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Ordered liberty has enemies

Free institutions are the antidote to despotism of both right and left


Ordered liberty has enemies
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Cancel culture seems to be running rampant all over America, and there does not seem to be any relief in the offing. In March, Judge Kyle Duncan was shouted down by a mob of crazed leftist students because he refused to use the preferred pronouns of a convicted pedophile who had undergone a sex change in writing the decision of United States v. Varner. Mary Eberstadt, author of Primal Screams: How the Sexual Revolution Created Identity Politics, recently told of how she had been invited to Furman University’s distinguished Tocqueville Program to discuss her book, but decided against going for fear of undergoing the same nightmarish scenario that plagued Judge Duncan. Stories like these have been all too common, starting with Charles Murray’s experience of being run off Middlebury College’s campus back in 2017.

Rational Americans are alarmed at these kinds of practices that shut down free speech. And conservative Christians are alarmed over the long arm of government coercion, an arm that reaches into such everyday annoyances like airline fees. More importantly, they are alarmed at the government’s encouragement (at best) and mandating of (at worst) immoral practices and worldviews, not limited to the LGBTQ expansionist agenda, federally codifying abortion on demand, DEI in the workplace, and CRT in education.

Some Christians are attracted to a growing movement of authoritarian, hierarchical, sectarian, and monarchist Christian nationalism that promises to make quick work of the radical atheistic agenda of the left. I have spent the last twelve years arguing that “Christian nationalism” is historically complex (most recently here and here), and that many scholars have reduced the term to a simplistic category of oppression that applies only to the right. “Christian Nationalism” can mean many things, especially when progressives apply the label. But a new book with a specific definition has recently appeared that provides a helpful path forward for substantive critique.

Stephen Wolfe, in his 2022 The Case for Christian Nationalism, proposes a Christian state headed by a “Christian prince,” which he defines as a “civil ruler (as divinely ordained in nature) who possesses and uses government powers to order his people to commodious temporal life and to eternal life in Christ.” Judicial, executive, and legislative power is vested in the Christian prince, and as Wolfe describes it, the prince even serves as a king-priest: “Through him, as the mediator of divine rule, the prince brings God near to the people. The prince is a sort of national god ... as the mediator of divine rule ... to direct [the people] in their national completeness.”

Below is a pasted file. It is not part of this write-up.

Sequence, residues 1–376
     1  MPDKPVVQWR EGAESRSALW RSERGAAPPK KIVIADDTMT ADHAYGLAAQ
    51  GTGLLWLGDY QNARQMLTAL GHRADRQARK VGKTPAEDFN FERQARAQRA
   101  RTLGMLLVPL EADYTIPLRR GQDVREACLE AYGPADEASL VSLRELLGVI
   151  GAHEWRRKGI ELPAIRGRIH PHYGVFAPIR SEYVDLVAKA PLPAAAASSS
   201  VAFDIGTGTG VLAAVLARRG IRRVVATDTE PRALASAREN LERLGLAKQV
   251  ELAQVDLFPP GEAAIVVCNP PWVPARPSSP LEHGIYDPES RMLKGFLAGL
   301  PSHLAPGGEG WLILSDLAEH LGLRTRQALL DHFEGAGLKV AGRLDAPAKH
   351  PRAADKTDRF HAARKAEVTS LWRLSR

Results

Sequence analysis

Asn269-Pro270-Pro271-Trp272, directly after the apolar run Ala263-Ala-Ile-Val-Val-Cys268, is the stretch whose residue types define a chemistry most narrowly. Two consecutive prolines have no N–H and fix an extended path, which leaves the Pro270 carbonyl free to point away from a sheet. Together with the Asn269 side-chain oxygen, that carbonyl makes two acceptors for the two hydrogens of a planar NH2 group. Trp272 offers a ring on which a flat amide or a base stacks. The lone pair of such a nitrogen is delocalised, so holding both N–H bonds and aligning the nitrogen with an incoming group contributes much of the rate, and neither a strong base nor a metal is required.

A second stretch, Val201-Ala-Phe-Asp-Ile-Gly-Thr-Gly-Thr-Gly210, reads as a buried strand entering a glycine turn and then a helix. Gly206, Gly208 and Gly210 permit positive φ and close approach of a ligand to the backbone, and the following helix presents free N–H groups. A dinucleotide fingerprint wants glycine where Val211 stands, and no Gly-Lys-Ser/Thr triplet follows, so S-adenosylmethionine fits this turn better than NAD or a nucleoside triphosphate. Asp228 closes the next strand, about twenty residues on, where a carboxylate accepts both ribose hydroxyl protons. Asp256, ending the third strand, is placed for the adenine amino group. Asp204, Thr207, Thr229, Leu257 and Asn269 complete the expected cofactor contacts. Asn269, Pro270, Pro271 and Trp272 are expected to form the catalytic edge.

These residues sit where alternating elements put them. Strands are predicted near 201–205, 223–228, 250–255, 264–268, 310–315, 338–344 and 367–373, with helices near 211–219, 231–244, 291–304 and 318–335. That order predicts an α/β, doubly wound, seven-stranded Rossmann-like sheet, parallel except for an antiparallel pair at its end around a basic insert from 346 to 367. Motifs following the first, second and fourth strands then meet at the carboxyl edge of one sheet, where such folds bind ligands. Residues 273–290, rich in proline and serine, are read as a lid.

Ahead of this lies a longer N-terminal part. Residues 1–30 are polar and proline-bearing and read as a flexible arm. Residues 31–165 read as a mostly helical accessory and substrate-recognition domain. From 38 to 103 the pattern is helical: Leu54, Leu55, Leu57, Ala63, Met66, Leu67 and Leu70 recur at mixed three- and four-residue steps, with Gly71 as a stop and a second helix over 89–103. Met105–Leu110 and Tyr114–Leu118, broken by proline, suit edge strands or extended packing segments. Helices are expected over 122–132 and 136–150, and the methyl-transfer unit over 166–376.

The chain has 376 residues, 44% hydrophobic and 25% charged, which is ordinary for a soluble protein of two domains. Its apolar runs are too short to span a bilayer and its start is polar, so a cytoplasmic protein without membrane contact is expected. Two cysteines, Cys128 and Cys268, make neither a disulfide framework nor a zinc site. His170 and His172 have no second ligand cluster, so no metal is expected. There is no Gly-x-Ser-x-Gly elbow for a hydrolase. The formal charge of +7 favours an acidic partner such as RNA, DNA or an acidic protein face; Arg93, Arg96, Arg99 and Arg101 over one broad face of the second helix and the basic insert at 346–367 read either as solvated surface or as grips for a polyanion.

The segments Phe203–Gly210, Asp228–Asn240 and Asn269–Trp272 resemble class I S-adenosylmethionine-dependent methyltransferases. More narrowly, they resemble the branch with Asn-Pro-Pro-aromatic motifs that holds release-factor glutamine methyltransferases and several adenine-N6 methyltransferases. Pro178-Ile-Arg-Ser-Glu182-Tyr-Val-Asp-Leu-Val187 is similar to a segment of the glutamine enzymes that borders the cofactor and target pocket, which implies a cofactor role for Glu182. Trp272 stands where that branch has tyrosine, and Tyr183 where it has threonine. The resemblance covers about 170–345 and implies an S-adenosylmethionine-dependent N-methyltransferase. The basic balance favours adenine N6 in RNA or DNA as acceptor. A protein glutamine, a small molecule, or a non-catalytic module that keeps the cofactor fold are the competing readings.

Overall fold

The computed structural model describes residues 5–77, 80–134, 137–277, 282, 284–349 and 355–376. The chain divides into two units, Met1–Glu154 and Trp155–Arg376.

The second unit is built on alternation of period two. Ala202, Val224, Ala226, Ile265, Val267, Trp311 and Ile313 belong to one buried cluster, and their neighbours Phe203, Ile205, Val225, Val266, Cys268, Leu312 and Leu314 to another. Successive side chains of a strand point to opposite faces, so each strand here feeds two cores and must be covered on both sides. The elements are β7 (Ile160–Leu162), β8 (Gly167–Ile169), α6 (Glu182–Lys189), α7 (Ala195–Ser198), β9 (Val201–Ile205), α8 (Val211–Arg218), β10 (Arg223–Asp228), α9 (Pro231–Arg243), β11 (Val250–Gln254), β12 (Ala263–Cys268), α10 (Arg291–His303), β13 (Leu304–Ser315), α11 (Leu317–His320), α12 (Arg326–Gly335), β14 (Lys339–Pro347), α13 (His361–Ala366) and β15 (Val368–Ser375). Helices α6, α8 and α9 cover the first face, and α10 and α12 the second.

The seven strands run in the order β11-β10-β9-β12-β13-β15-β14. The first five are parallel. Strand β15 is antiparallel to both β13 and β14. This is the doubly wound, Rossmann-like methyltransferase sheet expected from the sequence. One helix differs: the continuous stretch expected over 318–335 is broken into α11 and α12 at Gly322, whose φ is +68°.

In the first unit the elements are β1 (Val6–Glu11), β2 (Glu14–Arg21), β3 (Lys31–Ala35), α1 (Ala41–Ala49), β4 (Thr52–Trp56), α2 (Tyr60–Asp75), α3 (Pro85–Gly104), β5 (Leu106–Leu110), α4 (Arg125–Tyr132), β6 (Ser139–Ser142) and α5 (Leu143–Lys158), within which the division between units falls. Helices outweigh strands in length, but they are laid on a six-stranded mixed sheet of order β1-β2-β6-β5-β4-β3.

We must reject the idea that our only two options consist in pagan or a radical Christian nationalism.

Identity politics and cancel culture on the left and Wolfe’s Christian prince on the right have this in common: both are demagogic despotic forces. President Biden’s legislative agenda promises to take care of all our problems to the most ordinary of degrees, while Wolfe’s Christian monarchic principle offers hope to establish pure humanity and Christianity through the creation, execution, and interpretation of civil law. Alexis de Tocqueville’s description of the demagogic despot is apt for both the democratic despot and the monarchic despot: “He does not ask them to assist him in governing the state; it is enough that they do not aspire to govern it themselves.”

To stand against despotism, whether it threatens from the leftist desire to establish “equity” by force or the rightist urge to enforce a religious establishment, we must first reject the idea that our only two options consist in pagan or a radical Christian nationalism. The better way is to pursue and protect liberty under our constitutional order. Is liberty ever perfect in any political entity? Of course not, because human nature is fallen. But liberty’s gains are society’s gains, because liberty promotes the pursuit of the highest human goods without any need of assistance by a nanny state, tending either toward communism or feudalism. Tocqueville correctly argued that liberty requires sacrifice, patience, and vigilance on the part of individuals looking not only to their own interests, but to the interests of their fellow citizens.

Free institutions are one of the primary ways that liberty can be promoted, extended, and protected. Local institutions, when directed by citizens who, although they are from different backgrounds, are united in common cause, extend, and guard liberty. The local church, the civic club, the little league, and the community school stand as a bulwark against the demagogue who, as Alexander Hamilton wrote in Federalist 1, “lurks behind the specious mask of zeal for the rights of the people.”

Let us not repudiate reverence for our American constitutional principles of ordered liberty, either for the despotism of the far left or the far right. Demagogic despotism cannot be the answer to our many societal dysfunctions. In this age, ordered liberty is the best platform for human flourishing and Christian liberty.

John D. Wilsey

John D. Wilsey is associate professor of church history and philosophy at The Southern Baptist Theological Seminary and a research fellow at the Center for Religion, Culture, & Democracy, an initiative of First Liberty Institute.

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